Legal Newsline

Monday, April 6, 2020

Many awaiting ACA's impact on small-group insurance

By Amanda Smith-Teutsch | Dec 14, 2012


WASHINGTON (Legal Newsline) -- As the Affordable Care Act is nearing full implementation, stakeholders are watching closely to see how the small-group insurance market is affected.
Small business employers, trade groups, consumer advocates and legal scholars are watching to see how the country and various markets react when all of the new system, often called 'Obamacare,' becomes law.

What's currently causing concern for some groups, such as the National Association of Insurance Commissioners and consumer advocates, is that some small- to medium-sized businesses will find ways to game the system and avoid many of the reforms of health care plans enacted by the ACA. One of these methods is an insurance called "stop-loss" coverage.

"Because the employer, with stop-loss coverage, is technically self-insured, many of the consumer protections in Obamacare do not apply," said Cheryl Fish-Parcham, Deputy Director of Health Policy for the consumer advocacy group Families USA. Under the ACA, most of the reforms -- non-discrimination of pricing for individuals based on age or gender, coverage of essential health services and other reforms -- will not be required of self-insured plans; the changes apply largely to fully-insured policies.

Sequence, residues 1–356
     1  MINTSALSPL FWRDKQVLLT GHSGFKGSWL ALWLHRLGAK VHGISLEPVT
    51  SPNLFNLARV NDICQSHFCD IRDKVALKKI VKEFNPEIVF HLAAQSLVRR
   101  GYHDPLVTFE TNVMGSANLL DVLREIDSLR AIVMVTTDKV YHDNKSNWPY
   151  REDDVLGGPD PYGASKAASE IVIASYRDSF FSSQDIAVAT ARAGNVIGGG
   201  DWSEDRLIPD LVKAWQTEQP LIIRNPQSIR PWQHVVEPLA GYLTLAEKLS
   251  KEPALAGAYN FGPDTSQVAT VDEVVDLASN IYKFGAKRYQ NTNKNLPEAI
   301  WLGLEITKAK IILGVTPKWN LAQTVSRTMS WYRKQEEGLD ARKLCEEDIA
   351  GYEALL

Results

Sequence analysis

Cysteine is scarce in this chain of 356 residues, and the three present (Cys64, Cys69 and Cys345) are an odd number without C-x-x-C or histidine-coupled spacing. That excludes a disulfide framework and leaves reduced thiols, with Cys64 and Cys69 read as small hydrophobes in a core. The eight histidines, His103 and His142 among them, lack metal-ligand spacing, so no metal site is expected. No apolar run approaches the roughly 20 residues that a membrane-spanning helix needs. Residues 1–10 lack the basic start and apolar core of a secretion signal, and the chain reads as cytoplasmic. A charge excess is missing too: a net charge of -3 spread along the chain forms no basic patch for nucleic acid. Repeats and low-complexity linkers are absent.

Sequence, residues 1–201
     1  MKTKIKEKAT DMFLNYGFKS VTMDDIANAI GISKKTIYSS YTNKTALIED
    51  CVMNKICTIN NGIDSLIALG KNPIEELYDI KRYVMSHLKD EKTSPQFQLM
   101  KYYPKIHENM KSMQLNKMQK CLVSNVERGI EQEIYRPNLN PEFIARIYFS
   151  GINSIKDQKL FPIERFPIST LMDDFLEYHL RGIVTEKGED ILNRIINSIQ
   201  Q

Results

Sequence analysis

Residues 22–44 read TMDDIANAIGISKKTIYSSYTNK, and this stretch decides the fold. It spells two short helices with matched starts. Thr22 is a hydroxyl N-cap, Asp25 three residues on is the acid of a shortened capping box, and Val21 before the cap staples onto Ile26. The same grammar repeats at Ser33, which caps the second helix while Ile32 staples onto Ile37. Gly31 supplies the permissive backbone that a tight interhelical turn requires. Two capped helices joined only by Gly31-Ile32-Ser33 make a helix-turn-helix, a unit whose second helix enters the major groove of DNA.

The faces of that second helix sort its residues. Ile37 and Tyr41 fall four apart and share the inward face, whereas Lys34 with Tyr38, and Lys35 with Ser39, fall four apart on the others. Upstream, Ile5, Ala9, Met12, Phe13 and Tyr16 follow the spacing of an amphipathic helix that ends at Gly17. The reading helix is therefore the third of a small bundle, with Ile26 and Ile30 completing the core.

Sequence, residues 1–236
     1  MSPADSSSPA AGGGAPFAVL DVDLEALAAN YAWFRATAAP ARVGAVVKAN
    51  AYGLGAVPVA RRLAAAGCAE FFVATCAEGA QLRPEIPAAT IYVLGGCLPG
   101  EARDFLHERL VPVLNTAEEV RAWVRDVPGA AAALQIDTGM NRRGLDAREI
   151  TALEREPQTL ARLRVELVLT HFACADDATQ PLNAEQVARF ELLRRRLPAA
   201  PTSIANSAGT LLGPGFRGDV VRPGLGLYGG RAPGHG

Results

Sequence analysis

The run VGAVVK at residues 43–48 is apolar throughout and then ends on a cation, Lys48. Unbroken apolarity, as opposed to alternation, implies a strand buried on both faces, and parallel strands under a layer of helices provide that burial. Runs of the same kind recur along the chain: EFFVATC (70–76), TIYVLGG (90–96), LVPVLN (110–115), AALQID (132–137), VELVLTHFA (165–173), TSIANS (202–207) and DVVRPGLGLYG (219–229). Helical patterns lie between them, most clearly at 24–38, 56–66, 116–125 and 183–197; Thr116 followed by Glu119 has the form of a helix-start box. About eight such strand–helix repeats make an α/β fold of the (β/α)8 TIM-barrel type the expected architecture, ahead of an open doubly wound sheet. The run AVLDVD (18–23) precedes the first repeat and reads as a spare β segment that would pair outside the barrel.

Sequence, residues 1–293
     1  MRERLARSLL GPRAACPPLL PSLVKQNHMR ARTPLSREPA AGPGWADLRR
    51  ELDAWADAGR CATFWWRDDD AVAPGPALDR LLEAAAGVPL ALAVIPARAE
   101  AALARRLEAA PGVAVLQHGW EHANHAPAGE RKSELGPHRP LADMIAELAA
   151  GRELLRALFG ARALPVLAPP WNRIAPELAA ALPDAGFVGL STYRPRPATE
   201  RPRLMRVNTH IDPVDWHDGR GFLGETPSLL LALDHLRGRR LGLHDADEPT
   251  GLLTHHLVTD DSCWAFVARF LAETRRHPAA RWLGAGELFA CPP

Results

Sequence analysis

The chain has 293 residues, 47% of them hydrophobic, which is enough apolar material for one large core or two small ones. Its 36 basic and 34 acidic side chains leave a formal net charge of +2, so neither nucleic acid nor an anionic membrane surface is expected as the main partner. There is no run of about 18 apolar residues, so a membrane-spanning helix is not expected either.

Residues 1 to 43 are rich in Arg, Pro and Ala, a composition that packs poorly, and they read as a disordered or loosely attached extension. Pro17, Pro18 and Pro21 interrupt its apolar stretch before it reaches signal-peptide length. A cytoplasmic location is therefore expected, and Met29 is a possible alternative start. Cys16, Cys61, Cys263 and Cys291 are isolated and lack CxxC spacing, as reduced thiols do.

The difference is based on the type of insurance product an employer bought. Under a fully-insured plan, an employer contracts with a third party for an agreed upon amount, and has access to a network of providers and discounted rates. The employer then pays the actual claims made by its employees. Under fully-insured health plans, employers pay a monthly premium, contracted between the employer and an insurance provider. The provider then pays all claims.

It used to be that large employers, government agencies and labor unions held self-insurance plans, and small-group plans were exclusively fully insured. Then, a hybrid plan emerged: stop-loss insurance, with an attachment point. An employer agreed to pay up to a certain amount of money, set at about $20,000 in 1995 or 2000 in some state regulations, and after that, the insurance provider covered claims. This allowed medium-sized groups to have the lower premiums of self-insured plans while not having the full exposure to risk.